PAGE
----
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Live Music’s New Normal

What's better for a band: gigs at big, sponsored festivals or the old, thirty-shows-in-thirty-days touring model? Divine Fits, the supergroup fronted by Spoon's Britt Daniel, debates.

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ConcertTours

This past March, Spoon’s Britt Daniel stepped onto the big stage of ACL Live at the Moody Theater, where such artists as Bruce Springsteen, Green Day, and Jay Z have played extravagantly hyped SXSW concerts.

This gig was part of SXSW too, but Daniel wasn’t playing with Spoon, and this show was not extravagantly hyped.

The Tuesday night showcase was something called “#EVOKE13,” co-sponsored by the social media companies Mass Relevance and Klout, and headlined by Cirque du Soleil. Also on the bill: DJ Sam Spiegel, comedian and Nerdist podcaster Chris Hardwick, and Divine Fits, the relatively new group Daniel co-fronts with Canadian Dan Boeckner.

Backstage, in Divine Fits’s dressing room, one of the Fiji water bottles that is part of the band’s spread (sandwiches, Patron, Negro Modelo) has been topped with a red clown nose.

“We’re opening for the circus,” observes Boeckner, his tone both acidic and amused. “[Like] Spinal Tap and the puppet show.”

Divine Fits—which returns to Austin this Sunday and the next one for the Austin City Limits Music Festival—is a supergroup of sorts: Boeckner’s last two projects, Handsome Furs and Wolf Parade, made six albums between them for the eminent Seattle indie label Sub Pop, while drummer Sam Brown has been a member of numerous Ohio punk bands (V3, Gaunt, New Bomb Turks) and collaborated with RJD2, the composer of the opening theme to “Mad Men.” And Spoon, of course, is as prominent an act as Austin’s rock scene has ever nurtured. Its seventh and most recent record, 2010’s Transference, debuted at number four on the Billboard album chart.

But though those resumes help open doors, the band (which is rounded out by keyboardist Alex Fischell) can’t take its audience for granted. Divine Fits have been hustling to be heard and seen like any other band with a first album. The “#EVOKE13” appearance was the second of eight SXSW shows the band would play over five days, including another on that very night.

 “That’s one of the things that’s been invigorating for the guys,” says Ben Dickey of Constant Artists, who manages both Spoon and Divine Fits. “They’re having to work for it. There is that excitement of being able to take it person to person, one by one, and really building something.”

How and when Divine Fits get to play their shows as a new band reflects the modern reality of how fans get to musicians now: as one part of a bigger, sponsored whole, with the traditional, thirty-shows-in-thirty-days, get-in-the-van-or-bus model giving way to scattered gigs and many, many festivals. Since SXSW, sixteen of Divine Fits’s 21 gigs have been at festivals, including Austin City Limits. For certain-sized bands (all but the biggest and the smallest) for six months of the year—pretty much between SXSW in March and ACL in October, with Coachella, Bonnarroo, Pitchfork, Lollapalooza and many others in between—the festival circuit has a virtual monopoly on fans’ attentions and discretionary income.

The obvious upside to this is reaching more eyes and ears while putting much less mileage your body, and sometimes earning higher guarantees. The downside, of course, is not all your fans in any given region come out for a festival, and you also have to play for people who don’t like you and would rather talk over you than be won over.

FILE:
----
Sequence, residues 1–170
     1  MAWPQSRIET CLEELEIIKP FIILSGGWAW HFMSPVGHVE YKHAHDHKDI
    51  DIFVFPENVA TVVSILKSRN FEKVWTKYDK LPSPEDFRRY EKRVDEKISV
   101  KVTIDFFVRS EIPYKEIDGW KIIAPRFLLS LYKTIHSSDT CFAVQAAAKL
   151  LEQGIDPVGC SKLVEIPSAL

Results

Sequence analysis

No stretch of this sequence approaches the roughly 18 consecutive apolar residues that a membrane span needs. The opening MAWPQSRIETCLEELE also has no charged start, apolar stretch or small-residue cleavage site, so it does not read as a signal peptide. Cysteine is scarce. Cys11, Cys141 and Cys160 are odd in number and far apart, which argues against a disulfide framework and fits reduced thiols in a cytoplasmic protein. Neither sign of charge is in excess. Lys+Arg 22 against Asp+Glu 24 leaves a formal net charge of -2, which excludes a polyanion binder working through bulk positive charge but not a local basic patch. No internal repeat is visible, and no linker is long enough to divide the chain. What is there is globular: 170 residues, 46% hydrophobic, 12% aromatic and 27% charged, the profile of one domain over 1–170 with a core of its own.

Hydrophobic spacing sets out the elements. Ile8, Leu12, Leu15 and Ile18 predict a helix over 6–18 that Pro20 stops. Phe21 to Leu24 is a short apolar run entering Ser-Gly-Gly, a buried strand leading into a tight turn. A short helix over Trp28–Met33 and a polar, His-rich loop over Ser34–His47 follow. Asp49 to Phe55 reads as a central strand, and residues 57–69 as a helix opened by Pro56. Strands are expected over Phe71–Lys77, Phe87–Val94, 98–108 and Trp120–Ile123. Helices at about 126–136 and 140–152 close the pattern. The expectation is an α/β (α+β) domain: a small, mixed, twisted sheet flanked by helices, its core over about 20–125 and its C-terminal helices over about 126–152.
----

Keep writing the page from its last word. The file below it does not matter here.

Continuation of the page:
So it was at SXSW’s #EVOKE13: a half-full room of people mostly waiting for the circus. When the most enraptured Divine Fits fan in the room might be the person holding up an iPad to take video, that’s not an ideal situation. But the band still played a crisp and pounding show, perhaps defiantly inspired by the sterile atmosphere and too-short set list. The dynamic between Daniel—blonde, black-suited and white-shirted, cooly diffident—and Boeckner—dark-haired, tattooed, sporting a sleeveless t-shirt, warmly manic—is irresistible, particularly during set-closer “Shivers,” a cover of the Australian band the Boys Next Door (Nick Cave’s first group in the 1970s), which inspired Daniel to near-Townsendesque feats of guitar leaping.

“That was amazing!” Chris Hardwick said afterwards, outside the dressing room—even if he didn’t speak for everybody.

“Do you know what this band is called?” one person in front of me turns around to ask late in the set.

“Divine Fits,” answers the female half of a middle-aged couple on my right, just as Daniel stepped up to the mic to apologetically announce that they could only play one more. “Thank you!” yelled her male companion. Send in the clowns.

*  *  *

Divine Fits came together unexpectedly when Spoon went on a planned hiatus from what had been an almost-constant songwriting/recording/touring cycle since at least 2005.

“We weren’t planning on taking this long a break,” said Daniel, a Temple native and University of Texas graduate. “But after touring Transference for a year, I wanted to take some time for myself to sort of recharge. I think that’s natural. We’ve been going at it pretty hard for a long time. And then when I was doing that, that’s when I had this conversation with Dan: he told me that Wolf Parade was breaking up, so it just sort of came together. There’s very few people I’d want to back up, y’know? But Dan’s one of them.”

Whether you’re a fan of Spoon or a fan of Wolf Parade, it’s fun to see the bond between the two musicians, reveling in all the novelty and hunger of a new relationship. The two are a great contrast with each other: Daniel is intense and reserved; Boeckner is more of a showy Iggy Pop/David Johansen type. Boeckner’s presence brings out a more playful side in Daniel, who sometimes seems relieved to be able to spend half his time on stage as the animated sideman.